True carnivores lack the physiology required for the efficient digestion of vegetable matter and some carnivorous mammals eat vegetation only as a means to vomit. Our cat companions are prime examples of obligate carnivores.

Dogs are scavenging, or facultative carnivores, which in general terms means they are primarily meat-eaters, but can survive on plant material alone if necessary. The key word is "survive." To survive is not to thrive. To thrive is to grow vigorously. To survive means simply to stay alive.

Cats must eat animal meat and organs to meet their nutritional needs. Plant-based proteins simply aren't a good substitute. Cats lack the specific enzymes necessary to use plant proteins as efficiently as animal proteins.

The proteins derived from animal tissue contain a complete amino acid profile. Amino acids are the building blocks of protein. Plant-based proteins do not contain all the amino acids critical for the health of an obligate carnivore.

Cats evolved hunting a different set of prey species than dogs did, so their dietary requirements are different than dogs. Cats have a special requirement for vitamin A, which is available naturally only in animal tissue.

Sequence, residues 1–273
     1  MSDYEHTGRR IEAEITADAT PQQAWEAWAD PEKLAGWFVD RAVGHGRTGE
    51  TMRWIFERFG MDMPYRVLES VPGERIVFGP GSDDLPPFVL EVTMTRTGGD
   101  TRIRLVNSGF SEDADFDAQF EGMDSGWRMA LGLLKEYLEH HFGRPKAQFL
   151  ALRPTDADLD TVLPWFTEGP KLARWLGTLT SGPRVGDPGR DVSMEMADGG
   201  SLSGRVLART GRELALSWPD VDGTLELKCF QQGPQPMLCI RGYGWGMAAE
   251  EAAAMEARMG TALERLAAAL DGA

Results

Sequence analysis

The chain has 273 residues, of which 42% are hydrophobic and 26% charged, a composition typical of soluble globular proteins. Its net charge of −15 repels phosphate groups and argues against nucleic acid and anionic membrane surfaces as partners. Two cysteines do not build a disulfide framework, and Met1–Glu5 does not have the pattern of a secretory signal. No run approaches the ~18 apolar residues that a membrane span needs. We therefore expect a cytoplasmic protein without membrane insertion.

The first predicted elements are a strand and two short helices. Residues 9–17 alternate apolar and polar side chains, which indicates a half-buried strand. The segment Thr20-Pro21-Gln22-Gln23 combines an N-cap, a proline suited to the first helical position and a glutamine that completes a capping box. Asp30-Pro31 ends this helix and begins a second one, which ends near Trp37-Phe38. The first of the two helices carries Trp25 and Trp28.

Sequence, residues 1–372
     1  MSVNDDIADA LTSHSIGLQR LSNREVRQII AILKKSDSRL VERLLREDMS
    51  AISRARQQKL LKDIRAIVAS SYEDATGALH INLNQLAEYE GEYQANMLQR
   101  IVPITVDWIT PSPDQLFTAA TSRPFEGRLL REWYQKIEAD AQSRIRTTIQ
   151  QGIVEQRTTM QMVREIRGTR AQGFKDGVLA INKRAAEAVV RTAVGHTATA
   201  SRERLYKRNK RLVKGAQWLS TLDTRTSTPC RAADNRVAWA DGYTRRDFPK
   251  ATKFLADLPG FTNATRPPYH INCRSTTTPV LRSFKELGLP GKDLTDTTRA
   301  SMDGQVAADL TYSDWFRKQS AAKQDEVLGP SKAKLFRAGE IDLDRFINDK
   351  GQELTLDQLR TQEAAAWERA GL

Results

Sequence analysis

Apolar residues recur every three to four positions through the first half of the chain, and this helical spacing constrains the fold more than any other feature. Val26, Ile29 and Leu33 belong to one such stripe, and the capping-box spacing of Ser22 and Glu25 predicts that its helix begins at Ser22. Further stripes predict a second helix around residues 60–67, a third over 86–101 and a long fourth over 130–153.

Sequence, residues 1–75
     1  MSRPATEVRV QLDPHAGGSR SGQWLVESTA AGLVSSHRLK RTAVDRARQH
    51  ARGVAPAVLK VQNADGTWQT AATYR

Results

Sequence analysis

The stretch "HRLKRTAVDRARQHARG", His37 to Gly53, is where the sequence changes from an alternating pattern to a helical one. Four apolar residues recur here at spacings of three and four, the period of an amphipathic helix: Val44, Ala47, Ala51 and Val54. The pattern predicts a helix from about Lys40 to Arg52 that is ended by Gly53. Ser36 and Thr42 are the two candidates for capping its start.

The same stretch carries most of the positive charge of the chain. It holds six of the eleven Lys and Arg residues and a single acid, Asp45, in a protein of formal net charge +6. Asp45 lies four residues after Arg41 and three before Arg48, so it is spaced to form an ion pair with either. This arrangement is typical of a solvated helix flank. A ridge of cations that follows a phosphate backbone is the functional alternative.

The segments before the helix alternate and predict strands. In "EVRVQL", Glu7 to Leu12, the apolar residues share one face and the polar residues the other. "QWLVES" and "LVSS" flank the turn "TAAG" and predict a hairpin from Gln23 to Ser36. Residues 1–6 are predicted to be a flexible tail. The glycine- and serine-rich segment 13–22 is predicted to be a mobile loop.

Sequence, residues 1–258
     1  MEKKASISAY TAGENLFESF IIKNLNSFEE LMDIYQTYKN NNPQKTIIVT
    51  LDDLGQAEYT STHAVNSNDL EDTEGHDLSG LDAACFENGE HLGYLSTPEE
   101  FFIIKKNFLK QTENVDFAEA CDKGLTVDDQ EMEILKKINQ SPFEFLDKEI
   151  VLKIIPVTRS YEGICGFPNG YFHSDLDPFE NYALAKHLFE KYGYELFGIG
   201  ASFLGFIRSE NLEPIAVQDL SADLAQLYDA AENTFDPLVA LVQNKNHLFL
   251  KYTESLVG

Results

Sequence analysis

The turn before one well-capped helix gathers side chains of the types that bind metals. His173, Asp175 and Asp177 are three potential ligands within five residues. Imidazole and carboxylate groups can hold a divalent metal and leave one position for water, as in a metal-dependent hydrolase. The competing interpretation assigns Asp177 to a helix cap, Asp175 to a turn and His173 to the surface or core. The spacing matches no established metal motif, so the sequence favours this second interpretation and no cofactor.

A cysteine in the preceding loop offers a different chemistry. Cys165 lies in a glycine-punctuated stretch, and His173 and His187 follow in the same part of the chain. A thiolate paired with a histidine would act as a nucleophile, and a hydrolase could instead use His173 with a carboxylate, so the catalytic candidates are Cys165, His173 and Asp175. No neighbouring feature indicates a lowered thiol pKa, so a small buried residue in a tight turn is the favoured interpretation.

Cats also require 5 times more dietary thiamine (vitamin B1) than dogs do. A thiamine deficiency can result in a poor quality coat, loss of appetite, hunched posture, neurologic problems including seizures, and even death. Vitamin D is also essential in the diets of all mammals. Cats and dogs must consume vitamin D in their diet as they are unable to synthesize it through their skin. The liver and fatty tissue of prey animals is rich in vitamin D.

Another distinctive biological feature of cats is their need to get most of their water intake from the food they eat. Domestic kitties are not as responsive as other animals to sensations of thirst or dehydration. Unlike dogs who drink frequently from their water bowls, when fed a diet devoid of moisture (e.g., kibble), cats aren't driven to search for another source of water to make up the difference between what their bodies require and what their diet provides. This can result in chronic mild dehydration, a condition that will ultimately result in disease, especially of the feline lower urinary tract and kidneys.